6. I agree with everything being said. I am a person who has been self aware most of my life and by doing so have been able to change myself to be the person I wanted to be. However, it is common that most people who are not self aware are often this way because they are also people who do not take responsibility for their reactions, emotions, words they have spoke etc. So if these people ask themselves questions to become self aware they will answer these questions by blaming the horse, the weather, the coach, a friend, the time of the month, a cold, etc. Becoming self aware also entails having the maturity to take responsibility for your reactions, feelings etc when answering those elf awareness questions you must ask yourself.

  7. Thank you Callie, love your videos, help and insight – you are a true Equine Angel to us all!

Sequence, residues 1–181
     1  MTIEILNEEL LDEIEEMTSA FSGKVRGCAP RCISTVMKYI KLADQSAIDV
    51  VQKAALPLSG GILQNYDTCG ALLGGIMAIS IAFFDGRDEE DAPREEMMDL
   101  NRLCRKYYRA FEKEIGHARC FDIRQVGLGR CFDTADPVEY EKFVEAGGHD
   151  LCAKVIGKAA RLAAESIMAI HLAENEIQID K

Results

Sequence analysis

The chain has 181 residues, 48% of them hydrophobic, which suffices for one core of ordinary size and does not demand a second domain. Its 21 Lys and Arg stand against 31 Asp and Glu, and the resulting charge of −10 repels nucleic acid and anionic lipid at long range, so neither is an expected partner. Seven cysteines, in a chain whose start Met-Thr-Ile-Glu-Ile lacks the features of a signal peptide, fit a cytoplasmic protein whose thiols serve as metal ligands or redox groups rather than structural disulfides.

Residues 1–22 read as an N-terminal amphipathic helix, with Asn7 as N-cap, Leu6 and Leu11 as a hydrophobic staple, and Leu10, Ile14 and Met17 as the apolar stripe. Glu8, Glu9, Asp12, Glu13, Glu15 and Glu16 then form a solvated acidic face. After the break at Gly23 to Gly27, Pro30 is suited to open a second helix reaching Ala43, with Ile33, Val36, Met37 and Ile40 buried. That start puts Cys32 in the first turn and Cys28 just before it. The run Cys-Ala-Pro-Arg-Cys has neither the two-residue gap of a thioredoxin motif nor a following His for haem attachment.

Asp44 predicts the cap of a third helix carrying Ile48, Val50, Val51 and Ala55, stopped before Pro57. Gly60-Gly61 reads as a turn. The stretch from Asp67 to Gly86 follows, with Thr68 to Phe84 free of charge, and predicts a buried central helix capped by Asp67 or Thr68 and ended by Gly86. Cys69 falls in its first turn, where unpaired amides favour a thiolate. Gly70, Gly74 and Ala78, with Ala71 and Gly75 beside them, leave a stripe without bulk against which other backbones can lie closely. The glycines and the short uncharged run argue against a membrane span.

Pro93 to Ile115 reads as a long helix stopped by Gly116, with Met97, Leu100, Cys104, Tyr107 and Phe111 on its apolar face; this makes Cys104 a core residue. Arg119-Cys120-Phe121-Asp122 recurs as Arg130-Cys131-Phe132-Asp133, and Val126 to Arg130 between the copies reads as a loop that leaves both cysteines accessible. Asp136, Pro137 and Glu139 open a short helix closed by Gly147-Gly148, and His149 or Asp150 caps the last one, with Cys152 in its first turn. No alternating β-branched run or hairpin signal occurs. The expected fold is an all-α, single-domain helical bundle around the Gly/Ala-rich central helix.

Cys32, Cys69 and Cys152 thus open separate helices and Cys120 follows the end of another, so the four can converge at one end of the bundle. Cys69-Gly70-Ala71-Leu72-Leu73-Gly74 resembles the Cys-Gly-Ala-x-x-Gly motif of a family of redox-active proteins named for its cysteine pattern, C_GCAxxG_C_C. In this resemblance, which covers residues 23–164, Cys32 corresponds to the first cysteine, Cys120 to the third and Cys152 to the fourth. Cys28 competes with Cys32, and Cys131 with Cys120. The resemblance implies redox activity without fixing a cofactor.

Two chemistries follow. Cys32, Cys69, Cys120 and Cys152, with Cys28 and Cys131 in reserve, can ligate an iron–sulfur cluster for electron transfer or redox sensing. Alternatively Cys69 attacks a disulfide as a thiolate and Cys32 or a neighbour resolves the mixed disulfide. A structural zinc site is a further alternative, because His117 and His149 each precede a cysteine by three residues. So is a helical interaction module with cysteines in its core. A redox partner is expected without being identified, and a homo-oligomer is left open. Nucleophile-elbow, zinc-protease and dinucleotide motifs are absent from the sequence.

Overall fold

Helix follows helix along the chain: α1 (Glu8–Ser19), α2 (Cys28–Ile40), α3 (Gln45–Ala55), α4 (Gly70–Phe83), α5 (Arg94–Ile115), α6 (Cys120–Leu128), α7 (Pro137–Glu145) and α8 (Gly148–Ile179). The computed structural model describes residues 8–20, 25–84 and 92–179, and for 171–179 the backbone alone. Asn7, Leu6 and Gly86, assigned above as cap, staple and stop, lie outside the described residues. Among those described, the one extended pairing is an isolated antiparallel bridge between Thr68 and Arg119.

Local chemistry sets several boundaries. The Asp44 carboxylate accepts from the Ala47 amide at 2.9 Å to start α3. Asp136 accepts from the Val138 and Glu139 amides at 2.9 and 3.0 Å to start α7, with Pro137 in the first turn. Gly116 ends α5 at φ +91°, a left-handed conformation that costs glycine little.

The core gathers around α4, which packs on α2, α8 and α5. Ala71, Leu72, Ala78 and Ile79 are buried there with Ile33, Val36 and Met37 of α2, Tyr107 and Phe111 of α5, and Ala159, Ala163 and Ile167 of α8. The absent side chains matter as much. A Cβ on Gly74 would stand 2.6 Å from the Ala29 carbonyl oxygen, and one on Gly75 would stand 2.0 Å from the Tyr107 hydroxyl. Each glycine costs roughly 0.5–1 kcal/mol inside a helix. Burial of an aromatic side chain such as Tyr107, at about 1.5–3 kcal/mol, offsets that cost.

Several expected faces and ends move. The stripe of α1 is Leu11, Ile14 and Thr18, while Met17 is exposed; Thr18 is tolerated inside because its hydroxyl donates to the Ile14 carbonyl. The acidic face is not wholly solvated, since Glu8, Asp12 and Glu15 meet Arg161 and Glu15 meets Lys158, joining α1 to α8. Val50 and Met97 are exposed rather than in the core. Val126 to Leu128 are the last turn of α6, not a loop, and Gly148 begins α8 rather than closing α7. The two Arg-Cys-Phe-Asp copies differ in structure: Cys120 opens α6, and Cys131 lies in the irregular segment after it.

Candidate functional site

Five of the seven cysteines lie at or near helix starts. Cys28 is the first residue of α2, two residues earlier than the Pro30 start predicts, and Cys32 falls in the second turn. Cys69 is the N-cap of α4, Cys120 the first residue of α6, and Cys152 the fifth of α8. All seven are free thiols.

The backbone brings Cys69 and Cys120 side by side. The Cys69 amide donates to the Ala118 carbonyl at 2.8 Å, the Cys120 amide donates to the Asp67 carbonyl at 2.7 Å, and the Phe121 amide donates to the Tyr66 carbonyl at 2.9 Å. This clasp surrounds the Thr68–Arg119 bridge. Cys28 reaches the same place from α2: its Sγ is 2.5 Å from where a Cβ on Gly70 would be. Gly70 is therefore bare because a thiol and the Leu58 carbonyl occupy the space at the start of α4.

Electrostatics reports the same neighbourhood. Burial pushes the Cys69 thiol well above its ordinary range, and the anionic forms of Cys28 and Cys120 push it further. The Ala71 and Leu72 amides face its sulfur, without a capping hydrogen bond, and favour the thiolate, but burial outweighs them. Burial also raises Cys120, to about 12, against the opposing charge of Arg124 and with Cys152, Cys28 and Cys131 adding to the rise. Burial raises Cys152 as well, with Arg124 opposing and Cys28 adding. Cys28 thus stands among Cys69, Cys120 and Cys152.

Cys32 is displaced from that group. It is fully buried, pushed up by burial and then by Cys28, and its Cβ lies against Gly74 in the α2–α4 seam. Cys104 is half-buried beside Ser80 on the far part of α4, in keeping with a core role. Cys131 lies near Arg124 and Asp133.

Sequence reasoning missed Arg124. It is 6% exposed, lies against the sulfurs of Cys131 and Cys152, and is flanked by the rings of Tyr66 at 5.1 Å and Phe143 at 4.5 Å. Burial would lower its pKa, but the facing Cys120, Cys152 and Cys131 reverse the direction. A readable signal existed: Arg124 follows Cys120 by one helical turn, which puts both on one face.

I have been practising some dressage and refining my aids in-between lessons with my instructor and last week was very keen to “show off” what we could do to my instructor in my next lesson, however my beautiful horse that day had other ideas and was very spooky, speedy and completely unconnected with me during my lesson with my instructor. I felt very frustrated but my instructor said to me and I think it is really helpful to keep in mind when we ride, she said “Ride the horse you have today” . With that in mind our lesson took a different turn and we worked on completely new and different things and ended up learning heaps! Sometimes we put too many expectations on ourselves and our horses and if we can keep an open mind and ask and listen to the questions that we and our horses have, even the so say frustrating days we can turn into progress and new adventures! I write a riding journal (inspired by Callie) and have added “Ride the horse you have today” at the top of the pages to help me remember that it is a partnership at it’s best when we listen and learn from each other.